Pubdate: Tue, 27 Dec 2016
Source: Hamilton Spectator (CN ON)
Copyright: 2016 The Hamilton Spectator
Author: Cassandra Szklarski
Page: A9


B.C. mom Scarlett Ballantyne wonders if Ottawa's plans to legalize
marijuana will make her 14- and 16-year-old daughters more inclined to
try it. But she's not waiting to find out.

Ballantyne says her family has been discussing the dangers of drug use
since the girls were 13 - a preemptive strike as pot shops and
marijuana headlines have been popping up everywhere they turn.

She's proud to say they are athletic, self-confident kids, but she
also gets the impression that their generation sees marijuana as "not
that big of a deal."

"As parents, it's just (about) stressing to them that it is a big
deal," she says from her home in White Rock, south of Vancouver.

"There's a reason why it hasn't been legal and whatever my personal
feelings about it are, they are still underage. They're too young to
smoke tobacco, they're too young to smoke marijuana, they're too young
to drink alcohol. And there's a reason for those rules."

Many questions remain about what restrictions Ottawa might impose when
it introduces legislation next year to legalize recreational use.

In the meantime, experts say parents should be prepared for any
questions their kids might have - but don't wait until you find a
stash in their room.

It's never too early to start the conversation, says Cindy Andrew of
the Centre for Addictions Research of BC at the University of Victoria.

The key is to remain approachable.

Andrew, who helps schools devise drug education programs, says the
hard-nosed '80s approach of a sizzling fried egg and the slogan "this
is your brain on drugs" just doesn't fly.

"The sort of moralistic, judgmental, scare-based tactic kind of
approach really doesn't have a place in today's world," says Andrew.

"This isn't about just railing on your kids and pointing fingers and
lecturing, which we know does not work. It's about opening up
conversation and ongoing communication. It's not about 'the talk.'
It's about connecting with your kids, it's about starting the
conversations well before you discover a joint in their pocket."

Parents can use a trip to the dentist to talk about pain medications
with their grade-schoolers, she suggests, adding that any talk of
drugs should include both positive and negative aspects of use.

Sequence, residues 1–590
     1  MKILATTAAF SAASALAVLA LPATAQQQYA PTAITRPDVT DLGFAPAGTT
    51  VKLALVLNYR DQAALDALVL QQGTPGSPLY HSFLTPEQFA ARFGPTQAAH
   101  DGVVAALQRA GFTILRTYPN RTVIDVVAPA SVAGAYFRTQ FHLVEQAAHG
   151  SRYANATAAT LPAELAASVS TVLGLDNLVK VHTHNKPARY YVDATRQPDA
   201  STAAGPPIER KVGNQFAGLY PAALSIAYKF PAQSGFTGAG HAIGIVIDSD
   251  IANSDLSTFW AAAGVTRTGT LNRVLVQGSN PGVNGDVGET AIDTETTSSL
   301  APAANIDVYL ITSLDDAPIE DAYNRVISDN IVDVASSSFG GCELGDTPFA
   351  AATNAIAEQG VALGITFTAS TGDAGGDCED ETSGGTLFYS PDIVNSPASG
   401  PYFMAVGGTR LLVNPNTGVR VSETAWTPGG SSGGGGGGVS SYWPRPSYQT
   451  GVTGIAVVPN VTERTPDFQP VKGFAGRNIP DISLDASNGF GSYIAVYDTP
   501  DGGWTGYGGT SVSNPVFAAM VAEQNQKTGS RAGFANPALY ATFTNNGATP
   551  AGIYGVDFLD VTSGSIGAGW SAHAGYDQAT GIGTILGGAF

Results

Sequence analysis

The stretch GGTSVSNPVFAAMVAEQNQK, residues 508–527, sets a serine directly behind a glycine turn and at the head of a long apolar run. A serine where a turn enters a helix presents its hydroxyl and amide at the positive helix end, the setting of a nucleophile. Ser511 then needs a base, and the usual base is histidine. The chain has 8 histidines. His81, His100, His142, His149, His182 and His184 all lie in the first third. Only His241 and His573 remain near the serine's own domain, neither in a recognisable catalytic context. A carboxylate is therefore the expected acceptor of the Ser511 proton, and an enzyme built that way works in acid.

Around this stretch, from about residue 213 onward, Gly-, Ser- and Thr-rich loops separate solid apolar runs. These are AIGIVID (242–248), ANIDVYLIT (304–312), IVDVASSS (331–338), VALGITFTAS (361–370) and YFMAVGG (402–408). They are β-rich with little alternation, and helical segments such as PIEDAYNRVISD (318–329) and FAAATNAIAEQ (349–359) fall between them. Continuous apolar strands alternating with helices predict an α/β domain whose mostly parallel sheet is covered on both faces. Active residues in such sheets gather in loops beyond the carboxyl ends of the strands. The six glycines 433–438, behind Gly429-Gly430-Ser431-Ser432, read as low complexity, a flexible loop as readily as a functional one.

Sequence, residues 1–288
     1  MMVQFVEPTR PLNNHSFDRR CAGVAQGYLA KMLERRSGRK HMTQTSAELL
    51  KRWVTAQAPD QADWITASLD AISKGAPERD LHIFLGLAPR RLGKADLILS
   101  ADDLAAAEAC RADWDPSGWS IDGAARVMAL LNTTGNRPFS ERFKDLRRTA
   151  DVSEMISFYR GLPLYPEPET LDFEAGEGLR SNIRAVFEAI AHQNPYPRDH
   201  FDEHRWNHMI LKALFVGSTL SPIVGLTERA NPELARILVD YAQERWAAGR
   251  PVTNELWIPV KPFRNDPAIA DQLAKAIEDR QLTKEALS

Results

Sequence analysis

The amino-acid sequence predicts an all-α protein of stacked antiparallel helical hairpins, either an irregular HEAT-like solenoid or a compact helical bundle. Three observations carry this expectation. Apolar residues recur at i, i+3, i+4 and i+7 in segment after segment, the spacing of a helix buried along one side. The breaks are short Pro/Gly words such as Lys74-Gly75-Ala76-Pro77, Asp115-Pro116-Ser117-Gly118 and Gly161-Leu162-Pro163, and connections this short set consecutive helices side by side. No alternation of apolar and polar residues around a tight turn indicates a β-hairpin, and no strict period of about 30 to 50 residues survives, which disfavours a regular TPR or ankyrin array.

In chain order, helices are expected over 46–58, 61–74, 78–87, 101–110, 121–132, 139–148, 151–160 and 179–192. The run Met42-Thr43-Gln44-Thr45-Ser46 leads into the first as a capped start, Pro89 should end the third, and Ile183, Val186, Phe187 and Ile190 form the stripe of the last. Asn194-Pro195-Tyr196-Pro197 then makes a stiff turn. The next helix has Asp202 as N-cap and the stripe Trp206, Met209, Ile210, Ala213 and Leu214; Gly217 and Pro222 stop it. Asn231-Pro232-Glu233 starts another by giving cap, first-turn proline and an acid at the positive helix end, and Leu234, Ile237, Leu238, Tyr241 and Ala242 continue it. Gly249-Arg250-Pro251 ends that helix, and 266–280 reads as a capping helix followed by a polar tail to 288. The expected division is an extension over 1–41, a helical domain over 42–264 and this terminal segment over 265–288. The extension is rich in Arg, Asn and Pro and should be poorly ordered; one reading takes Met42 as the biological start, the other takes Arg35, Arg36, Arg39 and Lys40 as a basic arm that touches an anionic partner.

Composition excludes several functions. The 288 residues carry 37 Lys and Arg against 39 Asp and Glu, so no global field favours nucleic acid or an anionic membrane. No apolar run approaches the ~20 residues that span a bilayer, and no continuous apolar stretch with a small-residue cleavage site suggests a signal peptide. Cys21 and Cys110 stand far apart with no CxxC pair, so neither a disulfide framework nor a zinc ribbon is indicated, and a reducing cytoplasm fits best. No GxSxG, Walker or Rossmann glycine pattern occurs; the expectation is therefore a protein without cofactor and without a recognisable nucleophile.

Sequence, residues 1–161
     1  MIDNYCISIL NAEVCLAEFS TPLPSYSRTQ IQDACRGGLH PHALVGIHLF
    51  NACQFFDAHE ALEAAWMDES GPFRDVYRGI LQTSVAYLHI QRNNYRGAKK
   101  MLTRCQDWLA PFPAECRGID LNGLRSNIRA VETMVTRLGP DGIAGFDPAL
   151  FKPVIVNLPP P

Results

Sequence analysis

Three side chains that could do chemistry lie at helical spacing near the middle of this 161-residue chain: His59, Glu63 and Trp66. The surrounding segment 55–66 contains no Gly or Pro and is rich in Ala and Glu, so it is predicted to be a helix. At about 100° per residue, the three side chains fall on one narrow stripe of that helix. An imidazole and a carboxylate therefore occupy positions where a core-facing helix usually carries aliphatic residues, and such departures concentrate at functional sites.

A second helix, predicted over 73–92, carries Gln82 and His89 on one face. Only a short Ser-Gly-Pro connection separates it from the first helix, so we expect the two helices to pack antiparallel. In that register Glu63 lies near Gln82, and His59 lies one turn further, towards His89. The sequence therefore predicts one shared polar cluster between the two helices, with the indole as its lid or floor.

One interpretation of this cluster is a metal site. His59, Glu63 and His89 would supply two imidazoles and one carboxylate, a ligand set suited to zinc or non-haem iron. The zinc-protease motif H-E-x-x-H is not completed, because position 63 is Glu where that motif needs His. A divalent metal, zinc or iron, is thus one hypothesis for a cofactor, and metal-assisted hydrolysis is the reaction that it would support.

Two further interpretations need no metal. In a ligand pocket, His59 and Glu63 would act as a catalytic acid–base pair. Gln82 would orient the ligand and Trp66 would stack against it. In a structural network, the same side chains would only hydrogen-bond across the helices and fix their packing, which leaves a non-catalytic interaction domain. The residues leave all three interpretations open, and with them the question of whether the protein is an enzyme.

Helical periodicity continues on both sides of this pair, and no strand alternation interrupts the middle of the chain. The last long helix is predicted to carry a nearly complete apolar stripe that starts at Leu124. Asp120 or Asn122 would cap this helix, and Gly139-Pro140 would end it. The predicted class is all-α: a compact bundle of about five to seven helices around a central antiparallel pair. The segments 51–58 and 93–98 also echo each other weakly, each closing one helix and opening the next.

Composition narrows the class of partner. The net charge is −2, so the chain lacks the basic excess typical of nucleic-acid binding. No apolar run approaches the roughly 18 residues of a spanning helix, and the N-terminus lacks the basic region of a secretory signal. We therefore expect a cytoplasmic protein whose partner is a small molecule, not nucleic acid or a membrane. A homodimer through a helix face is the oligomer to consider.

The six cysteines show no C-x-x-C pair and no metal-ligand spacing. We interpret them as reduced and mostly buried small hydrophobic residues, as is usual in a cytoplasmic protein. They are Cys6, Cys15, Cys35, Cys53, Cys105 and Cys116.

This age is also a good time to discuss shared family values, adds
Beverley Cathcart-Ross, coauthor of "Raising Great Parents."

Since "parenting is about prevention," she says it's important to let
prepubescent kids know they can rely on Mom and Dad if they got into
trouble or succumbed to peer pressure.

This is also the time to teach kids how to say "no."

"They're going to be exposed and they're going to be tempted and part
of the preteen life is thrills and excitement and breaking away from
childhood and feeling like a big kid and an adult," says the
Toronto-based parenting coach and founder of the Parenting Network.

Get older kids to open up by asking lots of questions and giving them
equal time to talk, she advises. If a child admits to smoking the odd
cigarette, don't argue, she says. Instead, get them to research how
quickly addiction can happen and report their findings to you.

"The minute the parent tries to be the boss of it and take the upper
hand ... that drives teenagers underground," says Cathcart-Ross.

"You can give your opinion and your values but how many times are you
going to say that? Once? Twice? Three, four, 50 times? Because it's
going to come up over the next five years with that kid ... If you
have said your opinion three times and it's still going on then it's
time for something new. Because your teenager knows your opinion, they
absolutely heard you. It's registered but they're choosing to
disregard that."

Researchers generally agree that adolescents should be strongly
discouraged from using marijuana. The Canadian Paediatric Society
notes brains develop well into our 20s and that cannabis can affect
both the structure and functionality of young brains. They also warn
that heavy users are at risk of mental health issues later in life.

Last month, the society urged that the federal government ban sales to
those younger than 18 or 19, depending on their location in Canada, to
align with age limits for alcohol and tobacco sales. It also wants to
limit the concentration of THC in cannabis that 18- to 25-year-olds
can purchase. THC, or tetrahydrocannabinol, is the main psychoactive
component of marijuana.
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